Zero Tolerance of Workplace Violence: From Moral Stand to Workable Policy
Although workplace violence has become an epidemic, health care settings are at especially high risk. One of the most popular approaches to the problem is the so-called "zero tolerance" policy. Zero tolerance has appeal because it claims the moral high ground and makes organizations feel like they are taking a real stand. But is it […]
Although workplace violence has become an epidemic, health care settings are at especially high risk. One of the most popular approaches to the problem is the so-called "zero tolerance" policy. Zero tolerance has appeal because it claims the moral high ground and makes organizations feel like they are taking a real stand. But is it really an effective way to combat workplace violence?
Defining Our Terms
Workplace violence is a broad concept that may encompass threats and attacks against employees by strangers, customers, clients and others from outside the organization. But this article focuses on one aspect of the problem: violence by one employee against another.
Workplace Violence & OSHA
Although workplace violence has always occurred, awareness of the problem is relatively recent. This gap between awareness and existence explains why there are relatively few laws on the subject. The federal agency entrusted with protecting workers from job hazards, the Occupational Safety and Health Administration (OSHA), has yet to formulate a specific standard for workplace violence—although many states, most notably Cal-OSHA, have.
But do not confuse lack of a specific standard with lack of a legal obligation. The so-called OSHA general duty clause (GDC) (Section 5(a)(1) of the Occupational Safety and Health Act) requires employers to provide a workplace "free from recognized hazards that are causing or are likely to cause death or serious physical harm." For decades, OSHA has made it abundantly clear that violence may be such a "recognized hazard" and that failure to protect against it may constitute a GDC violation. (See, for example, OSHA Interpretation Letter, 12/10/92.)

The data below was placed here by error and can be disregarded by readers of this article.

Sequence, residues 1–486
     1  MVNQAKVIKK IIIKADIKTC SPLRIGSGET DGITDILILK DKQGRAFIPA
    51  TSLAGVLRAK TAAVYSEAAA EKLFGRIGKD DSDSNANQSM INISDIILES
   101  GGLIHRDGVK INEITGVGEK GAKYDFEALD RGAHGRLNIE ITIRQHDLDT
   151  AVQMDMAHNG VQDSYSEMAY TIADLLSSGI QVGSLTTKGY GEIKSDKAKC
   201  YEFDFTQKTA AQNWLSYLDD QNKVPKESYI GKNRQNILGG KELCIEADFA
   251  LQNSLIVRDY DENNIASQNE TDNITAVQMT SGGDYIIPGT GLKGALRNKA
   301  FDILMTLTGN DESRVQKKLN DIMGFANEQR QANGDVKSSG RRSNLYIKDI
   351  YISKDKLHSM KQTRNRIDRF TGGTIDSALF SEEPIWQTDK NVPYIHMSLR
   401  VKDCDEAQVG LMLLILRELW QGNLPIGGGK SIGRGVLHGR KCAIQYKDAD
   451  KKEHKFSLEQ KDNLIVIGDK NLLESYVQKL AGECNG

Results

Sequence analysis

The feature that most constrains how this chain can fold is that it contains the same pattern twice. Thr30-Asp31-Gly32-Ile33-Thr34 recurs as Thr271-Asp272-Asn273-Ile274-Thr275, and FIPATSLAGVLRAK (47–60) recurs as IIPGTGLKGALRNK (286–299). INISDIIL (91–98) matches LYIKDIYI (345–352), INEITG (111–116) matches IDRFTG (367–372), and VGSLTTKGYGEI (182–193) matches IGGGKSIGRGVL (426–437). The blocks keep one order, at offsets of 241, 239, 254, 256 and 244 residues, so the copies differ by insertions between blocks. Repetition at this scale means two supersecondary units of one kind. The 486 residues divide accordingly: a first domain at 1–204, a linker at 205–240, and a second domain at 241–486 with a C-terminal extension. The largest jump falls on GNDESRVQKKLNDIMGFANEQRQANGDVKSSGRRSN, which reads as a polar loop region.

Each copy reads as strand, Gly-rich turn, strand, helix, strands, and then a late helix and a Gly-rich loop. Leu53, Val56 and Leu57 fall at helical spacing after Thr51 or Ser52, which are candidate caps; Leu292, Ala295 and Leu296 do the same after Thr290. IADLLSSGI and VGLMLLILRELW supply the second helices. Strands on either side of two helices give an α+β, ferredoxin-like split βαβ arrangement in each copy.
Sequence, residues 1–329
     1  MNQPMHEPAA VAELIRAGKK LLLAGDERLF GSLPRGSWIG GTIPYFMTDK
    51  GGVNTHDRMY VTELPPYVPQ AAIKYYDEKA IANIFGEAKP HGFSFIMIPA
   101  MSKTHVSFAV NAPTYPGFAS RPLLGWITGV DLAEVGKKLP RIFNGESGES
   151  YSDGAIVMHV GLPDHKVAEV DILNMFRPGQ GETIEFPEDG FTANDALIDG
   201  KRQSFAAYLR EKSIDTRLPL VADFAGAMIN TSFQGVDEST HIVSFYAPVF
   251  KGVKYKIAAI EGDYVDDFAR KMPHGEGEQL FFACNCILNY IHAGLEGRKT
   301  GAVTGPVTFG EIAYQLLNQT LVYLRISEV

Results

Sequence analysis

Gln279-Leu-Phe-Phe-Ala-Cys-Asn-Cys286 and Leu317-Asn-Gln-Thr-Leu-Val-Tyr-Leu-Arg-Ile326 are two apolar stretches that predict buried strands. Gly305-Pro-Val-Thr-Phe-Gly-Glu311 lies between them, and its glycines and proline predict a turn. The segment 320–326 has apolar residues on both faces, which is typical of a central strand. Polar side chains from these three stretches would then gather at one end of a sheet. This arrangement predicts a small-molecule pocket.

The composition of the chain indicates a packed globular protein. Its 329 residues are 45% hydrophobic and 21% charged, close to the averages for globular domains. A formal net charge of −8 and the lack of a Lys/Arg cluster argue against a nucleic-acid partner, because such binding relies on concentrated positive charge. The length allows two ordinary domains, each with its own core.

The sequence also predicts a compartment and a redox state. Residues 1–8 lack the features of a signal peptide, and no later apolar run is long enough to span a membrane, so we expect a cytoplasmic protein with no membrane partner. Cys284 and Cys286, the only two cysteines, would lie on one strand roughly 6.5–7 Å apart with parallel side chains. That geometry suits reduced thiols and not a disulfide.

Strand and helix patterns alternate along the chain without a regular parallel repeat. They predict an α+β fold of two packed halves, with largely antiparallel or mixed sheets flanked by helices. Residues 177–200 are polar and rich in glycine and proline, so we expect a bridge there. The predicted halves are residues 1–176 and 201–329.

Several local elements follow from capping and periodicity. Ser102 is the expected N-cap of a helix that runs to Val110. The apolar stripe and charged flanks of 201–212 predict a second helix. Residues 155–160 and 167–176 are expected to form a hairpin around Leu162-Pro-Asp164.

When a hazard is or should reasonably be recognized, employers must take reasonable steps to combat it. In many cases, workplace violence is treated as an HR problem for which a "zero tolerance" policy is the preferred solution. Zero tolerance means that employees who engage in it are subject to immediate discipline up to termination without second chances. In other words, under zero tolerance, workplace violence is a fire-able transgression even for a first offense.
This signals that the organization considers workplace violence more serious than other offenses. Few would argue with that logic. But adopting a zero tolerance policy isn't necessarily a no-brainer. The biggest obstacles include fear of antagonizing a union or the misconception that discipline won't be upheld in a court and labor arbitration. But in fact, courts and arbitrators will sustain discipline if they think it's necessary to protect the workforce.